Graphene gives Thomas Edison's battery a new life
- 2 July 2012
- From the section Technology
A rechargeable battery technology developed by Thomas Edison more than a century ago has been upgraded by Stanford University researchers.
The original nickel-iron battery was made at the beginning of the 20th Century to power electric cars.
But today, only a few companies use it, mainly to store surplus electricity from solar panels and wind turbines.
The original Edison battery takes hours to charge, but the improved version charges in minutes.
The research appears in the journal Nature Communications.
The original battery consists of a cathode made of nickel and an anode made of iron, bathed in an alkaline solution.
Carbon is usually used as the conductive element - but to improve its performance, the Stanford team used graphene, a sheet of carbon just one atom thick.
"In conventional electrodes, people randomly mix iron and nickel materials with conductive carbon," said Stanford postgraduate student Hailiang Wang, lead author of the study.
"Instead, we grew nanocrystals of iron oxide onto graphene, and nanocrystals of nickel hydroxide onto carbon nanotubes."
This method helped the scientists increase the charging rate of the battery by nearly 1,000 times, he added.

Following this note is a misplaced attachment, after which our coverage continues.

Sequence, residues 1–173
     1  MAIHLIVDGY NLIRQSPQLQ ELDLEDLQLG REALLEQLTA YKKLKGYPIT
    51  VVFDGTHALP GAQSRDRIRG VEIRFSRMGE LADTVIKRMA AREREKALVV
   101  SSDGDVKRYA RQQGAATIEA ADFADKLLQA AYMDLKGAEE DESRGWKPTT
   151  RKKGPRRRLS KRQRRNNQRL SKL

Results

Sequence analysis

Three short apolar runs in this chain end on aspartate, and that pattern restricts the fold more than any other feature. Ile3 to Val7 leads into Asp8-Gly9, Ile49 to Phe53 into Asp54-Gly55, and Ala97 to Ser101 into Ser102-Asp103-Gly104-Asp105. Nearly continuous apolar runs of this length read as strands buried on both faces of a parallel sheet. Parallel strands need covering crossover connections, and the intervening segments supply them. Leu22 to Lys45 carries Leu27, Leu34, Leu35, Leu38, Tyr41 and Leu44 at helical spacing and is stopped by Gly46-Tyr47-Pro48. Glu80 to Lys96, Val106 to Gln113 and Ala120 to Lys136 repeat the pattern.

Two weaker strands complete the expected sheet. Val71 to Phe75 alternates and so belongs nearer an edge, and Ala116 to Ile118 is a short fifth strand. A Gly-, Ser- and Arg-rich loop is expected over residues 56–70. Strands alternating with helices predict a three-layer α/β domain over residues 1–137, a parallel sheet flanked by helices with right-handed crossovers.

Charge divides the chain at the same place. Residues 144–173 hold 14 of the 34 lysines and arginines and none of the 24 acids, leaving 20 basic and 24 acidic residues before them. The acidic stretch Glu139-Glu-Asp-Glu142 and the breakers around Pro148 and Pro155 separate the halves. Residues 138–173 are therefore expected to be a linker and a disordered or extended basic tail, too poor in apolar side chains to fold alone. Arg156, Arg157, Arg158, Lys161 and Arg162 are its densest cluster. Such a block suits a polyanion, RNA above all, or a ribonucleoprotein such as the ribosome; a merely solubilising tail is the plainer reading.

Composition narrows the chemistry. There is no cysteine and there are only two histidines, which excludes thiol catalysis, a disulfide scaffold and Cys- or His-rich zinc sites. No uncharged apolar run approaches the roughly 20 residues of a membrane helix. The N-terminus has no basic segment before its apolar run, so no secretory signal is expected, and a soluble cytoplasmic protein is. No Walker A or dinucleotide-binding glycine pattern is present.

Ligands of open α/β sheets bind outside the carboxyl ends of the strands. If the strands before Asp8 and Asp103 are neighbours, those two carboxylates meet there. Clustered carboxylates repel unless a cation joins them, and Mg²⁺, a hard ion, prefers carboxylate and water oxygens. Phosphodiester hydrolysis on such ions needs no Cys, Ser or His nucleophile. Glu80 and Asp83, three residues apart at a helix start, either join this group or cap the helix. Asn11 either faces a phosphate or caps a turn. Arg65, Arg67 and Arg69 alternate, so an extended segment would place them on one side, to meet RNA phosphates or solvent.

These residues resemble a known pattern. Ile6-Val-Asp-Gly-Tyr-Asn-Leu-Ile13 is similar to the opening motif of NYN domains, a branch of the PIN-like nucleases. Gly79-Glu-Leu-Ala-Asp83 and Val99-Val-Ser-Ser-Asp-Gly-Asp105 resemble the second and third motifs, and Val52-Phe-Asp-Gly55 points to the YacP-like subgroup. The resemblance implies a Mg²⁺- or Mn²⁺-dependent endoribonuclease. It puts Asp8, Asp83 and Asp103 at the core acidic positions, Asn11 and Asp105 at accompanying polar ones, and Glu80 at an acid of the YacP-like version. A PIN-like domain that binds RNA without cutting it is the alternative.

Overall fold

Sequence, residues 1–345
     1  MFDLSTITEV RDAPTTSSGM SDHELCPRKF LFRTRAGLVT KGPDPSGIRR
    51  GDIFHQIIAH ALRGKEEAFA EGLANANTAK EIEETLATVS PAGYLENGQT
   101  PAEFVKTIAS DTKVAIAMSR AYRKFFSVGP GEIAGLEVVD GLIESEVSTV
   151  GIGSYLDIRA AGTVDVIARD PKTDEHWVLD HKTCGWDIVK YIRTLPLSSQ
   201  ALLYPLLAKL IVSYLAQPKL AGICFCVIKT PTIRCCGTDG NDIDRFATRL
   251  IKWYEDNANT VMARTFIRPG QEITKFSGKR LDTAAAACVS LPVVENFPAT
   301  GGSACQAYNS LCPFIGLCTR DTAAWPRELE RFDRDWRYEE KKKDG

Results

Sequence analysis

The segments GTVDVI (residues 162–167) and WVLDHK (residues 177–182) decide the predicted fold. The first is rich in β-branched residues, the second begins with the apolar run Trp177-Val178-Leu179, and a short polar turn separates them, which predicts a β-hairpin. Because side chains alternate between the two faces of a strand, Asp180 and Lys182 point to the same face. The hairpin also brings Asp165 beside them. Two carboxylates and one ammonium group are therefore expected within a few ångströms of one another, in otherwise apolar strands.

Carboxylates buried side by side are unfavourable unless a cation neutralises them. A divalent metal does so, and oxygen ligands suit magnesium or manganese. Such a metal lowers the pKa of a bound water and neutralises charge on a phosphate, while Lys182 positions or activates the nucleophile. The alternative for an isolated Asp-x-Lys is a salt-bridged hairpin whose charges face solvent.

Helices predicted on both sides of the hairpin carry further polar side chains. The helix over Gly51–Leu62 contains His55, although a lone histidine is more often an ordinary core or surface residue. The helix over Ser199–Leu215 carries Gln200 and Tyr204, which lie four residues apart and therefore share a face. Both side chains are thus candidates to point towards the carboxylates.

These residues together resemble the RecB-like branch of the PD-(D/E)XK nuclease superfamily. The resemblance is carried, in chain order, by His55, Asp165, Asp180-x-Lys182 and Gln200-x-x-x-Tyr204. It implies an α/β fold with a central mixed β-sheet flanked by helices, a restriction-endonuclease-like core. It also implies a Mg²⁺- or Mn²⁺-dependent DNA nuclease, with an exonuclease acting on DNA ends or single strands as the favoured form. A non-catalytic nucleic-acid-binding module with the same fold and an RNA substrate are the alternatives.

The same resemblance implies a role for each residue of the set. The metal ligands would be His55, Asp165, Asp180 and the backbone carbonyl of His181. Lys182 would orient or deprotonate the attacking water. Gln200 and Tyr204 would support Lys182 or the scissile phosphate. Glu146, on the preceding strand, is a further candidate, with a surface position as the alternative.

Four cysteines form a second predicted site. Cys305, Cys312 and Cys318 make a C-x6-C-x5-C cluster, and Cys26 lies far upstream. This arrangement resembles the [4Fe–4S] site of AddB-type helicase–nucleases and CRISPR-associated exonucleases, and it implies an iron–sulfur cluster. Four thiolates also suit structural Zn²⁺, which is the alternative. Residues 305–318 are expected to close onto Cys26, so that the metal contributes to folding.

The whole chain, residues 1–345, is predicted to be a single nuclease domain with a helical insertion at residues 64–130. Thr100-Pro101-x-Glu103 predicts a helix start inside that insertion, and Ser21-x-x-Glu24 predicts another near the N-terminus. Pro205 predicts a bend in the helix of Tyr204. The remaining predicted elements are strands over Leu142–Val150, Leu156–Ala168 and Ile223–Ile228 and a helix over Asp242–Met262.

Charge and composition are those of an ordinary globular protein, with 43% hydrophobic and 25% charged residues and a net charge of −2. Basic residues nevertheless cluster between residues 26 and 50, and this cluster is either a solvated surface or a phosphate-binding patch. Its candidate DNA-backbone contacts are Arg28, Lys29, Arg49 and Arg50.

The prototype battery is only powerful enough to operate an electric torch, but the team hopes that one day it will be used to power modern electric vehicles - or at least as a "power boost" source.
"Hopefully we can give the nickel-iron battery a new life," said Hongjie Dai, a professor of chemistry at Stanford.
Mr Wang said their battery could complement the lithium-ion batteries currently used in many electric vehicles, giving them "a real power boost for faster acceleration and regenerative braking".
It could also be used in emergency situations, when something needs to be charged very quickly.
Electric cars are not a new concept, the first one appeared in the 19th Century.
Many of the ones made in the early 1900s were powered by the Edison battery, which was also used as back-up power source for railways and the mining industry.